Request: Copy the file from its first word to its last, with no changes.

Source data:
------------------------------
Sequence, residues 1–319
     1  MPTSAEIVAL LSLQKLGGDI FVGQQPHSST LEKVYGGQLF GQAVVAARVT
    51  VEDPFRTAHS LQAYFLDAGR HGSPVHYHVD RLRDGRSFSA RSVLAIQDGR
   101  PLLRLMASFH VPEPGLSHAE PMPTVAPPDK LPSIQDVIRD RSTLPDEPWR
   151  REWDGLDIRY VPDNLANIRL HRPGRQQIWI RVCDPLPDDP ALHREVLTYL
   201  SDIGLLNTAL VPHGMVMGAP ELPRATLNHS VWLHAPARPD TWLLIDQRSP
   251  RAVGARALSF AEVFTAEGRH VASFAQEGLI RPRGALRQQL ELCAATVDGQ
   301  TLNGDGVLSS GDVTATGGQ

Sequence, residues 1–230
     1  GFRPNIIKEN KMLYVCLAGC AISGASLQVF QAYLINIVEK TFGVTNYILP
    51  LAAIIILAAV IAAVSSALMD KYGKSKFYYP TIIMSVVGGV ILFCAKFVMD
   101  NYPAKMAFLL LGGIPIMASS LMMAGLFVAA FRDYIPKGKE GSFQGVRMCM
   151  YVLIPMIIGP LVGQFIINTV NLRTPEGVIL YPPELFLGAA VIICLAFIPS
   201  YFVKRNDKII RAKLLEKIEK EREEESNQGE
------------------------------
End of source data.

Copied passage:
Sequence, residues 1–319
     1  MPTSAEIVAL LSLQKLGGDI FVGQQPHSST LEKVYGGQLF GQAVVAARVT
    51  VEDPFRTAHS LQAYFLDAGR HGSPVHYHVD RLRDGRSFSA RSVLAIQDGR
   101  PLLRLMASFH VPEPGLSHAE PMPTVAPPDK LPSIQDVIRD RSTLPDEPWR
   151  REWDGLDIRY VPDNLANIRL HRPGRQQIWI RVCDPLPDDP ALHREVLTYL
   201  SDIGLLNTAL VPHGMVMGAP ELPRATLNHS VWLHAPARPD TWLLIDQRSP
   251  RAVGARALSF AEVFTAEGRH VASFAQEGLI RPRGALRQQL ELCAATVDGQ
   301  TLNGDGVLSS GDVTATGGQ

Sequence, residues 1–230
     1  GFRPNIIKEN KMLYVCLAGC AISGASLQVF QAYLINIVEK TFGVTNYILP
    51  LAAIIILAAV IAAVSSALMD KYGKSKFYYP TIIMSVVGGV ILFCAKFVMD
   101  NYPAKMAFLL LGGIPIMASS LMMAGLFVAA FRDYIPKGKE GSFQGVRMCM
   151  YVLIPMIIGP LVGQFIINTV NLRTPEGVIL YPPELFLGAA VIICLAFIPS
   201  YFVKRNDKII RAKLLEKIEK EREEESNQGE